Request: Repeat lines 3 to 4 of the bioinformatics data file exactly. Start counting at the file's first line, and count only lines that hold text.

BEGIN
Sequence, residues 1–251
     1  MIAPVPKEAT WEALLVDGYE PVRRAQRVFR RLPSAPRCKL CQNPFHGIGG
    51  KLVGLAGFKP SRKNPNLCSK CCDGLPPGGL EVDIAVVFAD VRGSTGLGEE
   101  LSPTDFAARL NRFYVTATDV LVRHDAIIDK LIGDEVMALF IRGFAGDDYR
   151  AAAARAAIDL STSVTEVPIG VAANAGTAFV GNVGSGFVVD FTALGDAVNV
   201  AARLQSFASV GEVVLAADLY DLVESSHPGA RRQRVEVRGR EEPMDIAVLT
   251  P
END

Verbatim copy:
    51  KLVGLAGFKP SRKNPNLCSK CCDGLPPGGL EVDIAVVFAD VRGSTGLGEE
   101  LSPTDFAARL NRFYVTATDV LVRHDAIIDK LIGDEVMALF IRGFAGDDYR